Times writers discuss Los Angeles riots and what has changed
Los Angeles Times reporters, remembering the ’92 riots, look back on the days of unrest in four essays that question whether Los Angeles and its civic institutions are better off now than they were 20 years ago.
Columnists Patt Morrison and Hector Tobar and reporters Greg Braxton and Elaine Woo recognize that the city has changed, but signs of trouble are still evident.
During a recent visit to East L.A. -- a portion of Los Angeles that escaped the brunt of the rioting -- Tobar spoke with residents who remembers during those days of unrest how armed merchants took to the rooftops. Nowadays, shop owners talk about how they are struggling to keep their businesses open.
“It’s as if a mob of economists and bankers rioted in the neighborhood,” writes Tobar. “Foreclosures and unemployment brought the kind of destruction looters never did.”
Twenty years ago, Woo wrote an essay for The Times in which she confessed, “Suddenly, I am scared to be Asian.” Reading those words today jarred Woo with the memory of how the riots left her -- like so many others in L.A.’s “ethnic stew” -- with an identity crises.
Time has eased that feeling, and a city that once inspired fear became a city wracked by “mismanaged schools, irrational real estate prices” and a baseball team left hanging on the edge.
While there are hopeful developments -- a Latino mayor, Korean Americans commanding “ever-larger spans of cultural space” -- Woo reflects on the fact that her brother, Mike Woo, was the first and so far only Asian American elected to the L.A. City Council. He left office in 1993, and, while several Asian Americans plan to enter the race next year, “until one wins,” she writes, “I remain on guard.”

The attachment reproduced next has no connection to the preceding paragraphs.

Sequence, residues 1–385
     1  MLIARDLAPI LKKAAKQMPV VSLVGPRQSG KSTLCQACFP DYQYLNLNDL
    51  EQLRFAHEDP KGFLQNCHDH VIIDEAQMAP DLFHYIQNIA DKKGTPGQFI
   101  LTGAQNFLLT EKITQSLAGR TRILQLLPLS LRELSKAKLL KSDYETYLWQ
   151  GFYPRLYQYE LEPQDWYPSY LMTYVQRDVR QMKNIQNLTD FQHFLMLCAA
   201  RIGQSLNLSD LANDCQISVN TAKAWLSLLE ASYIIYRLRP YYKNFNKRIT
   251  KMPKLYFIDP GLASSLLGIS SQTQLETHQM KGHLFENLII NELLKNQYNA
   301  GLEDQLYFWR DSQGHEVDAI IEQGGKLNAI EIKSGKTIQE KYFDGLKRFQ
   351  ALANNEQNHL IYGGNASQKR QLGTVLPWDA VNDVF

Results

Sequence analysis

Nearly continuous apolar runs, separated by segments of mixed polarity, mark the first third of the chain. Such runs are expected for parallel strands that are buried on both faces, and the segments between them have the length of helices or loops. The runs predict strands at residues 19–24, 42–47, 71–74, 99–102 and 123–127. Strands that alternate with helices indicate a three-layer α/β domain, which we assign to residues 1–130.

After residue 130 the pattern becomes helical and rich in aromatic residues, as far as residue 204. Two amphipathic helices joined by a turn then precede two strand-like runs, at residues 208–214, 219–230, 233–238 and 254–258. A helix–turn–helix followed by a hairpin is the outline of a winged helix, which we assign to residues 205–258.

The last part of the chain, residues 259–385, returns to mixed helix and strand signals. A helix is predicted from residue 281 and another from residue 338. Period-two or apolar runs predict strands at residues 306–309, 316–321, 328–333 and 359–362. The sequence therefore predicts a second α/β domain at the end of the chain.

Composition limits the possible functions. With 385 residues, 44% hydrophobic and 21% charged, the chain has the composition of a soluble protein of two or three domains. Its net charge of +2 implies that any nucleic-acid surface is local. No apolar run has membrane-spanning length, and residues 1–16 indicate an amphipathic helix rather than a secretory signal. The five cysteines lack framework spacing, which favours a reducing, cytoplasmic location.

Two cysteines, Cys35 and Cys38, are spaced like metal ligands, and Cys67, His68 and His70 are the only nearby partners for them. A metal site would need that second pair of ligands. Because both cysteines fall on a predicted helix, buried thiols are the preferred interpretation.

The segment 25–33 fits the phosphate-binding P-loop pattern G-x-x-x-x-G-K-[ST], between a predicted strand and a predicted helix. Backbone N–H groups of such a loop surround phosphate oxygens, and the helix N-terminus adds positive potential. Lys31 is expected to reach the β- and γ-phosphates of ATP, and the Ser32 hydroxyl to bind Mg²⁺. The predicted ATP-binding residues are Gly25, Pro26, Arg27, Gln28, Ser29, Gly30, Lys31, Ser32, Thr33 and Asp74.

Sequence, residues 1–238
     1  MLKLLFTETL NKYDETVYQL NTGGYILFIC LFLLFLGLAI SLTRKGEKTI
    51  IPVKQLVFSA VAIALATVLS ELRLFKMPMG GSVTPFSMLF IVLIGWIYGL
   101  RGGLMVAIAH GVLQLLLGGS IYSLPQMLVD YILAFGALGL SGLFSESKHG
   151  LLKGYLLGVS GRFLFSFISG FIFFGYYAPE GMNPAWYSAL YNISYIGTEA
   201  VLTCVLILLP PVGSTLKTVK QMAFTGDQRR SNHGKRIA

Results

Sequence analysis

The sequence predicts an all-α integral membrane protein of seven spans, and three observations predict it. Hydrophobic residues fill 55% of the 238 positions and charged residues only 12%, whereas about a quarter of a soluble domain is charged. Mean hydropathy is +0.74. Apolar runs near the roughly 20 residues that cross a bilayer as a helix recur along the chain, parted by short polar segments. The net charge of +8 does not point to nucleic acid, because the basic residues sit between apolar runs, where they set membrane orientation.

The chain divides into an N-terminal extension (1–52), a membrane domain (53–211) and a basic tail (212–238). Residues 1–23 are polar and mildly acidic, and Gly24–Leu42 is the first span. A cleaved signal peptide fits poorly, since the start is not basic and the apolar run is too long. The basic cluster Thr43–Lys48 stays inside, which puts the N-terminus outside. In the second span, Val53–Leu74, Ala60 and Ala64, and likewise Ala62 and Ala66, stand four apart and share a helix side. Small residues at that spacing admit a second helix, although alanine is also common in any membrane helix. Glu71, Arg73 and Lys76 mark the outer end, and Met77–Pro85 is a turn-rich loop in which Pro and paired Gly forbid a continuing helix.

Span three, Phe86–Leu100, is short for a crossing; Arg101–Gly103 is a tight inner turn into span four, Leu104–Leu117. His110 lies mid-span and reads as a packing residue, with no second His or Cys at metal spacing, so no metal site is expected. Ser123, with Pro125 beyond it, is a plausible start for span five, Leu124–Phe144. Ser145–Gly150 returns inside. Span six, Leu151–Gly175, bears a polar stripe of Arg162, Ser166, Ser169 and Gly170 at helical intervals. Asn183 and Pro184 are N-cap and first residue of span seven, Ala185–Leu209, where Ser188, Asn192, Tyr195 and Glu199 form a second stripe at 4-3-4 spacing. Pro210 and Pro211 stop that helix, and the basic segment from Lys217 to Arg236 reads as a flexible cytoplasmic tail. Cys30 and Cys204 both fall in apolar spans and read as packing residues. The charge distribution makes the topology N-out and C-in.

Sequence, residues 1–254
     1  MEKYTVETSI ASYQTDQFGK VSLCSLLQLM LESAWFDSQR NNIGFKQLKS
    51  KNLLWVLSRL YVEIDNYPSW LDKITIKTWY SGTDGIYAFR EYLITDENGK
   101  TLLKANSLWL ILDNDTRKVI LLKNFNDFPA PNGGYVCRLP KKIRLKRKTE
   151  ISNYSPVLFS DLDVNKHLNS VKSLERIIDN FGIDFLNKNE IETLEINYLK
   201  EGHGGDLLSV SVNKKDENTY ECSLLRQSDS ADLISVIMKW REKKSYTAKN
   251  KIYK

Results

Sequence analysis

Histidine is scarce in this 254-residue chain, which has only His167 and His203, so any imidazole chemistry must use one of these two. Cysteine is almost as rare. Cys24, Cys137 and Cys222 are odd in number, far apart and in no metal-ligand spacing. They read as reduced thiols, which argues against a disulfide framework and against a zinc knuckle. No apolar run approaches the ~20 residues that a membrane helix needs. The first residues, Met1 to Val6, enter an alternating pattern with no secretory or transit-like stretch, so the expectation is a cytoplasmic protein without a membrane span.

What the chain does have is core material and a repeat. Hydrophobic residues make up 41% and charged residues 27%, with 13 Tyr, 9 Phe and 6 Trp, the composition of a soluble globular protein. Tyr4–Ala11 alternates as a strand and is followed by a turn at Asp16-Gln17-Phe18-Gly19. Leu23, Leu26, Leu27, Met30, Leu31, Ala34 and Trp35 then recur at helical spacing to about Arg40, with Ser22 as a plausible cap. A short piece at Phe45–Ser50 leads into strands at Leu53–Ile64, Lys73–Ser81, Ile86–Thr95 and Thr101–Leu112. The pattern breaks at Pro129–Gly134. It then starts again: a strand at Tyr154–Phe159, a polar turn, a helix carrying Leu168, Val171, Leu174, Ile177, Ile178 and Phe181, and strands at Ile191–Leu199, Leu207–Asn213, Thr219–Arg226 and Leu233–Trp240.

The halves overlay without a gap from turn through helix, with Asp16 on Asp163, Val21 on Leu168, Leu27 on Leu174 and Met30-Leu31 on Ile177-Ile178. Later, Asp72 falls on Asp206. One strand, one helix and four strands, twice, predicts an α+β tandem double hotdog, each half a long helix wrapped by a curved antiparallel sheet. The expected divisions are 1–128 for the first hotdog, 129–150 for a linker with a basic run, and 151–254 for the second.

Braxton was working on the Times' city desk when he received his orders: Neighborhoods were going up in smoke and he had to get the story. Out on the streets, a man pointed a shotgun at his car and fired four times, but missed.
The memory took Braxton back to a troubling reality at the time: how African American reporters were being dispatched into the trouble spots while the predominantly white staff stayed behind.
Diversity and parity at The Times remain a concern for Braxton. Twenty years later, the newspaper has more Asian American and Latino reporters than in 1992, but as he writes, “the roster of black reporters and editors could barely fill a baseball lineup.” Editors pledge to change that, and “it cannot come soon enough.”
Morrison recalls her own sense of alienation in the aftermath of the riots, a feeling compounded by the juxtapositions she saw throughout the neighborhoods she visited: how the jacarandas were blooming and the charred streets were “framed by lilac cascades of flowers.”
During those days, she writes, the stereotypes of Los Angeles got turned on their heads. “Hell in paradise, death in the sunlit promised land.”
“In 1992, we shamed ourselves into discovering ourselves, or rather, what we hadn’t known about ourselves,” she concludes.
Twenty years later, the city is different, but Morrison also sees evidence that Los Angeles has fallen back into its old habits.
“Of course L.A. has changed,” she writes. “That’s what we do. We build and tear down and rebuild and glory in the forgetting.”
-- Thomas Curwen
Photo: National Guardsmen patrol near Martin Luther King Jr. Boulevard and Vermont Avenue as the ruins of stores smolder. Credit: Lori Shepler / Los Angeles Times